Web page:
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AHCA Application for Exemption from Disqualification

If you are reading this article it means that you have probably received a letter from the Agency for Healthcare Administration (“AHCA”) stating that they have uncovered criminal offenses that disqualify you from working for a health care provider. AHCA may have uncovered this offense a result of background screening submitted as part of the employment process for a health care provider and/or participation as a Medicaid provider. This applies to clinical staff as well as facility owners, administrators and chief financial officers and those seeking enrollment as a provider in the Florida Medicaid program. Fear not, because you may be eligible to file an Exemption from Disqualification if you meet certain criteria.

Am I Eligible for Exemption?

Our firm can assist you with demonstrating to AHCA by clear and convincing evidence that an exemption from disqualification should be granted. The application will only be reviewed once all relevant supporting documents are received by AHCA. You are only eligible for Exemption from Disqualification if:

  1. You have been lawfully released from confinement, supervision or other nonmonetary condition imposed by the court for a disqualifying misdemeanor criminal offense;
  2. At least 3 years after you have been lawfully released from confinement, supervision, or other nonmonetary condition imposed by the court for a disqualifying felony criminal offense;
  3. You have completed any court-ordered fee, fine, fund, lien, civil judgment, application, costs of prosecution, trust, or restitution as part of the judgment and sentence for any disqualifying felony or misdemeanor in full; and
  4. If you have been designated as a sexual predator, sexual offender or career offender you are not eligible for an exemption from Disqualification.

 

Filing the Application

Filling out the application can be a bit tricky, so you should definitely hire a health law attorney that has experience with doing so in order to prevent delays in processing your application. In addition to completing the Application for Exemption from Disqualification you will need to provide AHCA with the following:

  1. Current Level II Screening;
  2. Arrest Reports;
  3. Court Dispositions;
  4. Signed Statement (only if you cannot obtain the arrest report and/or court disposition);
  5. Probation and/or Parole records;
  6. Letters of Reference; and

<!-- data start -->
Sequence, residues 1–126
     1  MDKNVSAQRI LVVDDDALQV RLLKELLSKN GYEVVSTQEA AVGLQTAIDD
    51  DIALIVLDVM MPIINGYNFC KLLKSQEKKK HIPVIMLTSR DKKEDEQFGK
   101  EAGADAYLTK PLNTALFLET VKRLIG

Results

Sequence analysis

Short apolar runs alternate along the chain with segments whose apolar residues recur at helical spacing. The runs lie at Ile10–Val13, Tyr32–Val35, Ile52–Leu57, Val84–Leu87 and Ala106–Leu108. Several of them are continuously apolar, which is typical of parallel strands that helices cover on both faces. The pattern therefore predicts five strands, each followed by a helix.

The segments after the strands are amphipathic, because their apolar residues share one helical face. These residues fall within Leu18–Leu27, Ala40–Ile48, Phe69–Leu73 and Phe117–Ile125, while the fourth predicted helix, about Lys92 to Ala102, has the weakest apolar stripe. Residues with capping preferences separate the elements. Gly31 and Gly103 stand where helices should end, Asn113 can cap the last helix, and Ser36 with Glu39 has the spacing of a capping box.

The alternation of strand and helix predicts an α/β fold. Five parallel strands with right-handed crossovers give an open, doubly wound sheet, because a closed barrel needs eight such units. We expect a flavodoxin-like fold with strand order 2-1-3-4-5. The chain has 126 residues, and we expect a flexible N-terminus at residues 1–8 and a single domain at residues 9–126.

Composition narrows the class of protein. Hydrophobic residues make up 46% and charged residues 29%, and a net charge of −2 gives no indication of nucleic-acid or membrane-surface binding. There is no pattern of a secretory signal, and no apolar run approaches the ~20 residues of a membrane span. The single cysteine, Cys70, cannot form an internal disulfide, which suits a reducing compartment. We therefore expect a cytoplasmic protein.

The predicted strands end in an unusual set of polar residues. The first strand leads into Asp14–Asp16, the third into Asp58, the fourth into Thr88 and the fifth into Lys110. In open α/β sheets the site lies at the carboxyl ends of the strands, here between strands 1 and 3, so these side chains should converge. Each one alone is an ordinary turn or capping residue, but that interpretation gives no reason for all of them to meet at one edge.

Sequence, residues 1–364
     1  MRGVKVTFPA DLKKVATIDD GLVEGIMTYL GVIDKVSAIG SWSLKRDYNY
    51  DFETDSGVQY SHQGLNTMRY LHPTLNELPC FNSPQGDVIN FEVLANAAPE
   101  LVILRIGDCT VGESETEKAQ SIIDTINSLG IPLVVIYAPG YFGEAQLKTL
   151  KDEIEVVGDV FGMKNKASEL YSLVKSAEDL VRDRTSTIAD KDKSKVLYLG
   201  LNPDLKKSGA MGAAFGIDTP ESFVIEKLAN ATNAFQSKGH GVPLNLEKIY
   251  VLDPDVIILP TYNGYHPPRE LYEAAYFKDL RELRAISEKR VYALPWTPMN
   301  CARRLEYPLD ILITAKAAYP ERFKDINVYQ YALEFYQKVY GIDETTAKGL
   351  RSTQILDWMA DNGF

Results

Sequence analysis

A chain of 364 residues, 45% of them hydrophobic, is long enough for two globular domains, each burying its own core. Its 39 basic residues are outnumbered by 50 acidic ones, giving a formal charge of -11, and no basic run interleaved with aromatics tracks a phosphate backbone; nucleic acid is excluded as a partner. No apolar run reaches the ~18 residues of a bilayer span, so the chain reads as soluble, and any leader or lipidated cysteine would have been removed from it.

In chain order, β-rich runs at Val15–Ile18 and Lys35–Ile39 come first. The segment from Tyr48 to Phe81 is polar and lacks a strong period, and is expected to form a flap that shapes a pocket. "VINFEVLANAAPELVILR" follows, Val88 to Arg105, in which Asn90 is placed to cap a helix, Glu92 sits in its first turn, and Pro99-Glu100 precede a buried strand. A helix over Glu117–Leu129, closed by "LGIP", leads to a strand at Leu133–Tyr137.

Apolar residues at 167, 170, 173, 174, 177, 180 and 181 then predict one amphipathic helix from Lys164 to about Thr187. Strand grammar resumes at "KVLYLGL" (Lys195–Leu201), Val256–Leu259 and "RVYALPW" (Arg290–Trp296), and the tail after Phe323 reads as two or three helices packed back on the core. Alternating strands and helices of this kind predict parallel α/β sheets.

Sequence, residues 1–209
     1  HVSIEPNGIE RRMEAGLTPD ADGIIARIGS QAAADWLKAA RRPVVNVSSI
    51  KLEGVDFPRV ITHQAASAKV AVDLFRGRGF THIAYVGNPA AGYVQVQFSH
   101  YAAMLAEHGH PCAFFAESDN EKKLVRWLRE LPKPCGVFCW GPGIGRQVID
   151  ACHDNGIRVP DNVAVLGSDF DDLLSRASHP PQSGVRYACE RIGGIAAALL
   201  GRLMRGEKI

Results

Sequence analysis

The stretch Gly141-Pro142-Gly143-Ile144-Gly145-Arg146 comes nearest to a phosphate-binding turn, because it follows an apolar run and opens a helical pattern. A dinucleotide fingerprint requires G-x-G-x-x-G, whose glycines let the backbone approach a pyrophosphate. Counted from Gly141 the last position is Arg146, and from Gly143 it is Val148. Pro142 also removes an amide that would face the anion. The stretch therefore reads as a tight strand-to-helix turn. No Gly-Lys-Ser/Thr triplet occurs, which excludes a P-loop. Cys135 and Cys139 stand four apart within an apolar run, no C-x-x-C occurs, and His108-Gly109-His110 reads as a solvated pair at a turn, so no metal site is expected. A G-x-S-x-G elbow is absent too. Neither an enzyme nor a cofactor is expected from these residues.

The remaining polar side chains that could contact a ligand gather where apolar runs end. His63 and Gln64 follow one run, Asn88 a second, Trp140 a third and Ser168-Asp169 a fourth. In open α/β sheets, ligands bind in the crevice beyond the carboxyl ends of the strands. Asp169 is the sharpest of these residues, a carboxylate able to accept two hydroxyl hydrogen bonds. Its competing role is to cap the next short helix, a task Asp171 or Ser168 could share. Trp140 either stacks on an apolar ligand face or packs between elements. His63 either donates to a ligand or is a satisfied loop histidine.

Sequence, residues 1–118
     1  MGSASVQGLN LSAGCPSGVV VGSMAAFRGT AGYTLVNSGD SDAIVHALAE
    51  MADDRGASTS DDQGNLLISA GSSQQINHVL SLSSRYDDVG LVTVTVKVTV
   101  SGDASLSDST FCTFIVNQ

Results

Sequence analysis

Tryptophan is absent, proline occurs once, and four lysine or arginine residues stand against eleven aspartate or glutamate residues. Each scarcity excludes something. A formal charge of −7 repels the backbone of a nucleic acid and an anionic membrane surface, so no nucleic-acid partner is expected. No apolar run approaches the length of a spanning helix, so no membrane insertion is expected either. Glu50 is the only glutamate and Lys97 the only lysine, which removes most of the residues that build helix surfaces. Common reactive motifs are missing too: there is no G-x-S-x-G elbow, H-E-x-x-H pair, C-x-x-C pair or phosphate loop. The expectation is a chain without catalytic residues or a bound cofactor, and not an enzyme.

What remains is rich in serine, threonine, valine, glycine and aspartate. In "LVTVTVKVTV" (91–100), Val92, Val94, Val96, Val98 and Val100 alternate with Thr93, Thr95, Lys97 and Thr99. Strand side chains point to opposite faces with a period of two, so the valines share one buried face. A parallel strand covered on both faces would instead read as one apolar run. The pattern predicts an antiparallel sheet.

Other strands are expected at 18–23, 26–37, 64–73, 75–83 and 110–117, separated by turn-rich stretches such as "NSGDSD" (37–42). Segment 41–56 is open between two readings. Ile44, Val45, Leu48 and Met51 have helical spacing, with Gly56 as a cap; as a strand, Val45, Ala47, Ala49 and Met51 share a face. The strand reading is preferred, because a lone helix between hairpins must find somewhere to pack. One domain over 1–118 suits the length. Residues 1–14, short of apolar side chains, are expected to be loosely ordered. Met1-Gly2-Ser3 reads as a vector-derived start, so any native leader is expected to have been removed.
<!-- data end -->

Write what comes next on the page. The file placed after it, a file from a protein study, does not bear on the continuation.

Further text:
7. Documentation of Rehabilitation

It is important to note that when you apply for exemption you must provide all arrest reports, including those that were not specifically listed in the notice that you received from AHCA. You will also need to provide all court dispositions no matter the plea, judgment, verdict or even if it was sealed or expunged from your record. All of these documents will need to be neatly organized and AHCA must receive the documents within 30 days from receipt of its letter. It may take a little bit of legwork to retrieve these documents, so it is important to contact our firm as soon as possible so that we don’t miss the deadline. AHCA rarely grants extensions for filing the application.

Finally, if you are a certified or licensed healthcare professional you may also have to file an application for exemption with the Florida Department of Health (“DOH”). Florida Statute 408.809(7)(a) states that AHCA may grant an exemption from disqualification to a person who is subject to this section and who: (1) Does not have an active professional license or certification from the DOH; or (2) has an active professional license or certification from the DOH but is not providing a service within the scope of that license or certification.You may also have to submit a signed background screening privacy policy acknowledging receipt of the privacy policy. Once the DOH receives your application they will review it and make a decision as long as that person is working in the scope of their license or certification.

What Happens After Filing?

Once AHCA received the documents, it will be transferred to the Exemption Team and assigned to one of their analysts. As stated earlier, the analyst is looking for clear and convincing evidence that the employee should not be disqualified from employment. The Agency will consider the following:

  • The circumstances surrounding the criminal incident(s) for which an exemption is sought;
  • The time period that has elapsed since the incident(s);
  • The nature of the harm caused to the victim;
  • The history of the employee since the incident(s);
  • Any other evidence or circumstances indicating that the employee will not present a danger if employed or continued employment is allowed; and
  • Whether the applicant has been arrested for or convicted of another crime, even if that crime is not a disqualifying offense.

Once you’ve submitted your application it takes approximately 30 days for AHCA to render its decision to you. Exemptions granted by one agency will be considered by other agencies, but it is not binding on subsequent agencies. It is possible for AHCA and DOH to deny your application even though you feel you meet the criteria for an exemption. In those instances, our firm will represent you before AHCA and DOH Boards if you chose to contest the Agency decision. You have 21 days from the date you sign for the certified letter to request an appeal. The administrative law judge will only decide whether the agency’s intended action is an abuse of discretion.